You have just undergone the decompression of a neuroma from between two of your toes. This involves the division of the ligament which has been rubbing on the nerve, causing it to undergo neuromatous change.
During the procedure, a local anaesthetic agent was infiltrated, in order to reduce post-operative pain. The wound was closed with small sutures and has been covered by bulky dressings. A post-operative shoe was then fitted.
Expect some pain in your foot, particularly when the local anaesthetic wears off, but this should be controllable with elevation and oral pain-killers, and should improve dramatically over the next 48 hours.
When you are able to comfortably stand and mobilise independently, you can go home.
The nursing staff will let you know when it is safe to get out of bed. You should stand and walk in the post-op. shoe, but initially favour your heel. If your incision is under the ball of your foot, you will need to continue heel-walking until your first post-op. visit. Crutches should not be needed.
There can be blood seepage into the dressings causing staining. This is rarely a cause for concern. Two days after your operation you can remove all the dressings yourself. The nursing staff at the hospital will have given you a small “island” dressing to use subsequently. This could be changed every 2 days.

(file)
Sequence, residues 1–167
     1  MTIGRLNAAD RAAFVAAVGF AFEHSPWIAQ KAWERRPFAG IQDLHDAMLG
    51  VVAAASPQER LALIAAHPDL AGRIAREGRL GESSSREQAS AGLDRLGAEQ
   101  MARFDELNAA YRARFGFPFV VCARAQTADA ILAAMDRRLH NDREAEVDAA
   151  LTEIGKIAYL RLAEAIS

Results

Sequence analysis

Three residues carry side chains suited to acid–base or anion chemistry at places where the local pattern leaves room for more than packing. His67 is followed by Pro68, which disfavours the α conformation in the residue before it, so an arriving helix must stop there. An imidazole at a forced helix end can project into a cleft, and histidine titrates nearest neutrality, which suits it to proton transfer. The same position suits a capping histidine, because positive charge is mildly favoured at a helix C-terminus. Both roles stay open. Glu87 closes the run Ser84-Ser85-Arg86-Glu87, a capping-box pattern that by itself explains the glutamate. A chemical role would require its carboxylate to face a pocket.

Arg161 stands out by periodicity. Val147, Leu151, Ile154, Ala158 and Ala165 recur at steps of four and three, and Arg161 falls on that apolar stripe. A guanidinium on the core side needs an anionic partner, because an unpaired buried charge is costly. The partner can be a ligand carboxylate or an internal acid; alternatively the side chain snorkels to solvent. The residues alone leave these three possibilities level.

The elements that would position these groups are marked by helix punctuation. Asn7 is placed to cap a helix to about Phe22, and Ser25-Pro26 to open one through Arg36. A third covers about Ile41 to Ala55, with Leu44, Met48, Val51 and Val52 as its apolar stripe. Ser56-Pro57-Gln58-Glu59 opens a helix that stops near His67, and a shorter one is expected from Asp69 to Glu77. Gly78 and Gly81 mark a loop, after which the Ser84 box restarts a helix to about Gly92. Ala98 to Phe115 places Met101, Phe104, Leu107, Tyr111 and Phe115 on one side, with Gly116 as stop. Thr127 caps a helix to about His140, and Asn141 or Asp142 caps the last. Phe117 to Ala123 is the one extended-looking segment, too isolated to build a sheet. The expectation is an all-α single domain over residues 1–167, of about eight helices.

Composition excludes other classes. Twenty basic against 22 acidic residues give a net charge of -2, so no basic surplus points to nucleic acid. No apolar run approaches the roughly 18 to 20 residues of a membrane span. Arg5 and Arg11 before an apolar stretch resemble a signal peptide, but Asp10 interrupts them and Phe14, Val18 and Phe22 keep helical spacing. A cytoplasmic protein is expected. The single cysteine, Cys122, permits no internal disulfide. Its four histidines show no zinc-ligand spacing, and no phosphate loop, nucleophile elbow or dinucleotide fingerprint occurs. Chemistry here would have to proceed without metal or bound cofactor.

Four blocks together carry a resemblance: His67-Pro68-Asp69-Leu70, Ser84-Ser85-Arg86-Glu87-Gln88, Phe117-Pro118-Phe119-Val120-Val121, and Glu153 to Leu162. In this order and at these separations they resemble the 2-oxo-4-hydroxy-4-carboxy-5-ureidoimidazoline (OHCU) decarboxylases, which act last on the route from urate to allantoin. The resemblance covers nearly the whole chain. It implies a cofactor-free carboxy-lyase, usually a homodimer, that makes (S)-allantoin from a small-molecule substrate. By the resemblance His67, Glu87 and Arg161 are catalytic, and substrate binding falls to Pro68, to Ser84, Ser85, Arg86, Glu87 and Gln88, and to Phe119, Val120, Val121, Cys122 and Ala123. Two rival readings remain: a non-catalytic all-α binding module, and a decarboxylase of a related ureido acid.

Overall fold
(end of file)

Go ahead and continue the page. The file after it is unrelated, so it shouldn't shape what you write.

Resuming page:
You may shower, but it is important to keep the wound and dressings dry.
Keep your foot elevated as much as possible. Hip height is ideal when you are seated. Minimise your activities while the wound is healing.
If you have any concerns regarding your progress before your first post-operative appointment, please ring the rooms, during normal hours, or your local doctor, if available after hours. If you require urgent out-of-hours attention, please ring or present to a hospital Emergency Department at any time. Both Norwest Private and Sydney Adventist Hospitals provide this service.
At the 2 week post-operative visit your dressings and sutures will be removed. As swelling gradually recedes, you can return to conventional footwear, but this should be roomy in the toe-box and firm-soled. You can keep using the post-op. shoe for longer, if necessary.
It could take 4 or 5 weeks to fully recover.